The current flu epidemic is of special concern for health experts — and for parents. Children are more vulnerable than adults to this winter’s predominant strain of the flu, influenza B/Victoria, and this year’s influenza vaccine is not proving to be effective in preventing this strain. The U.S. Centers for Disease Control and Prevention have already reported about 39 fatalities in children during the 2019-2020 season, and 72% of these deaths are believed to have resulted from influenza B/Victoria.

Kids who already live with serious conditions like cancer and diabetes are more susceptible to complications of the flu, as well. By the close of 2017, 30.3 million patients had been diagnosed with diabetes, so the spread of this season’s flu is alarming to parents of children with this and other diseases. An astonishing 13 million cases of influenza were reported by the end of January 2020 — only a few months into flu season.

So what can you do to protect your child during this flu season? Here are eight steps you can take to help ensure your child’s well-being and keep the virus from spreading to others.

1. Get the Flu Shot Now

Even though this year’s flu vaccine isn’t as effective against influenza B/Victoria, your child should still get the shot if they are at least six months old. If they still contract the flu, they’ll be less likely to develop long-lasting or critical symptoms. According to one study, children who received the flu vaccine were 74% less likely to require intensive care in the hospital for complications of influenza.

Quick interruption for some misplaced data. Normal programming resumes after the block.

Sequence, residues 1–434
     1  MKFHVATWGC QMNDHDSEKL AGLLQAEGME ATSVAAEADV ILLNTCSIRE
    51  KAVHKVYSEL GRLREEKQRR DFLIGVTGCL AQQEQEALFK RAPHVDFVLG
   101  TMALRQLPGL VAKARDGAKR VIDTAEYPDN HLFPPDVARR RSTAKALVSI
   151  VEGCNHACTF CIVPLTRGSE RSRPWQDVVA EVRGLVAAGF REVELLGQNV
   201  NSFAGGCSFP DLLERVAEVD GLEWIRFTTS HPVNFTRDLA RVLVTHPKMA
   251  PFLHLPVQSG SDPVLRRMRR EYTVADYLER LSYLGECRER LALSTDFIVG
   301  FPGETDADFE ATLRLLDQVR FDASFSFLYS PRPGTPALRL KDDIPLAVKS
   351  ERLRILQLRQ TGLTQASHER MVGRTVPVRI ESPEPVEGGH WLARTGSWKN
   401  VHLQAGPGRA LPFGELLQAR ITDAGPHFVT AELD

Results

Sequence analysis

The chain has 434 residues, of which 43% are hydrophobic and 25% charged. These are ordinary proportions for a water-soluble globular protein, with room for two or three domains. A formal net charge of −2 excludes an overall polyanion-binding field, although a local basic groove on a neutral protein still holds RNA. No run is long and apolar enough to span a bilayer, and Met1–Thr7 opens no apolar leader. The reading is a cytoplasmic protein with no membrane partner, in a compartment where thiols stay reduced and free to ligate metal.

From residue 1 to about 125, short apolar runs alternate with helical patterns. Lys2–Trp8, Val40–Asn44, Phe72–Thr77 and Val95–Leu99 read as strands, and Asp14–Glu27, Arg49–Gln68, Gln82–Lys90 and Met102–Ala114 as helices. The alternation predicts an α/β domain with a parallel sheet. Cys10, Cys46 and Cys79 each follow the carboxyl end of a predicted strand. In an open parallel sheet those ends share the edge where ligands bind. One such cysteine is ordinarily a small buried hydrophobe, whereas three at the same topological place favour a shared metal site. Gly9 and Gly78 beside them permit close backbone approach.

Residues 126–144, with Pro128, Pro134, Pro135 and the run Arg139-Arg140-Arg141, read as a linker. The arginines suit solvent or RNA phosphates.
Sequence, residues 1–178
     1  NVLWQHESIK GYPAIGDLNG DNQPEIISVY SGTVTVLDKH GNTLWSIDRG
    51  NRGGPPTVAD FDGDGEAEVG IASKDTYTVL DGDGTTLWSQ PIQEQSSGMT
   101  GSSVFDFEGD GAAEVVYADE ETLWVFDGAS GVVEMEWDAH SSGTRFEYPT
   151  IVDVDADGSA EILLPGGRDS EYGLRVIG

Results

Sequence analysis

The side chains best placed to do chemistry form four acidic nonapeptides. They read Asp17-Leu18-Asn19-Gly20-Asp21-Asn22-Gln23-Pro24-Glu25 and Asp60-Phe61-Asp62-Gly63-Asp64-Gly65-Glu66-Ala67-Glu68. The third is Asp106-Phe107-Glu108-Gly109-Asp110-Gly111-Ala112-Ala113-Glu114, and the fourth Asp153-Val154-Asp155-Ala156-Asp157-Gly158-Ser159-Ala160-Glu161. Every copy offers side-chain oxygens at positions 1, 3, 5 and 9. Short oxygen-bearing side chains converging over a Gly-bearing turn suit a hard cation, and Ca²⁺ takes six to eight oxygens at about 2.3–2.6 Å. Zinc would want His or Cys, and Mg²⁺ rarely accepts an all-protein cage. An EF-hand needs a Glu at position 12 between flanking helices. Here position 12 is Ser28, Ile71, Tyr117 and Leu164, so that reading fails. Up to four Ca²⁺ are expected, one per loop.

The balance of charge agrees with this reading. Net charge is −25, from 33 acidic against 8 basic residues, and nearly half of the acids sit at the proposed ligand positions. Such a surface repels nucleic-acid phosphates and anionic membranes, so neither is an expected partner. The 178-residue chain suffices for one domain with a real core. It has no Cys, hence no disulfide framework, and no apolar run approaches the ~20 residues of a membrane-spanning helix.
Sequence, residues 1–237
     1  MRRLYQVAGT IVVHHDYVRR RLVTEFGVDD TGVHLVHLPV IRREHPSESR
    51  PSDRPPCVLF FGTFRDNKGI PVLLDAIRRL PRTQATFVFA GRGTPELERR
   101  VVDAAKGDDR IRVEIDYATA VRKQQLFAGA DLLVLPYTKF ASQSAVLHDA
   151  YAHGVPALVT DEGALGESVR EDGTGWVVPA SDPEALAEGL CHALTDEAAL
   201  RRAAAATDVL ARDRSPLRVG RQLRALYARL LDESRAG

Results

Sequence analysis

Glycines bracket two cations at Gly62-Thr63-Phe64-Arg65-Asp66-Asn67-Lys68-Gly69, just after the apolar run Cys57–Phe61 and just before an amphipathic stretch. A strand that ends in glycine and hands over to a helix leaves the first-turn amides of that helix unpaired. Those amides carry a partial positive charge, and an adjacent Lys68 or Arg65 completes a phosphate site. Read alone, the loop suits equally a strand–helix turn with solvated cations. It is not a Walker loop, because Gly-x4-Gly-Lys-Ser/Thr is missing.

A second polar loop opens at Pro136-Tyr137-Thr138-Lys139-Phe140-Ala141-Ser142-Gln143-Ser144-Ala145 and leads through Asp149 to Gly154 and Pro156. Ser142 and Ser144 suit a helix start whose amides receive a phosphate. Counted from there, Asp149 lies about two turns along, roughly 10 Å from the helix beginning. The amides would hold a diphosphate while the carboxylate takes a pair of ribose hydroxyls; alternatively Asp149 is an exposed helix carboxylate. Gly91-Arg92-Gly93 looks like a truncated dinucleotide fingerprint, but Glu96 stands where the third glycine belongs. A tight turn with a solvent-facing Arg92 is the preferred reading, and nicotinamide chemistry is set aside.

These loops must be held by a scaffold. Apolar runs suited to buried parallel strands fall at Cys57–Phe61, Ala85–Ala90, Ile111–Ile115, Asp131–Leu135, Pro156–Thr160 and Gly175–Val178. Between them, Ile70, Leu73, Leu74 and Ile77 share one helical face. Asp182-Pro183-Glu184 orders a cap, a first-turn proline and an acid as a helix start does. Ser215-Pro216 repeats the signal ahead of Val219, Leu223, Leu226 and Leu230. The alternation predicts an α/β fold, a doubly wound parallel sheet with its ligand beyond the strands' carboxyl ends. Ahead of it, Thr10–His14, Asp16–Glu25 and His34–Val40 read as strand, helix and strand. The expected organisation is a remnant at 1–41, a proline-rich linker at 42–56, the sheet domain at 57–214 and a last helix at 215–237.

It’s just as important for parents and other caregivers to get their flu shots each year. If family members or caretakers contract this illness, they can easily pass it onto children even before symptoms start to appear. Although the American Academy of Pediatrics states that the end of October is the ideal time to get the vaccine, the shot can be administered as late as March, as flu season typically lasts through March or April. Don’t assume that it’s too late to receive the vaccine (or believe misconceptions regarding flu shots). The best way to stay healthy and prevent your child from becoming ill is to prioritize vaccination.

2. Help Your Child Develop Healthy Habits

Overall wellness is critical to preventing illness, including the flu. Although only six states make physical education mandatory for children in kindergarten through grade 12, you can make sure your child gets enough exercise to help strengthen their immune system. Other ways of boosting immunity are getting adequate sleep, managing anxiety, drinking water throughout the day, and eating healthy foods. The 2015-2020 Dietary Guidelines for Americans recommend that adults consume 1.5 to two cups of fruit and two to three cups of vegetables per day. About 40% of consumers are attempting to work more vegan options into their diets, so keep in mind these and other nutrient-rich foods to help strengthen your child’s immunity.

3. Wash Your Hands Frequently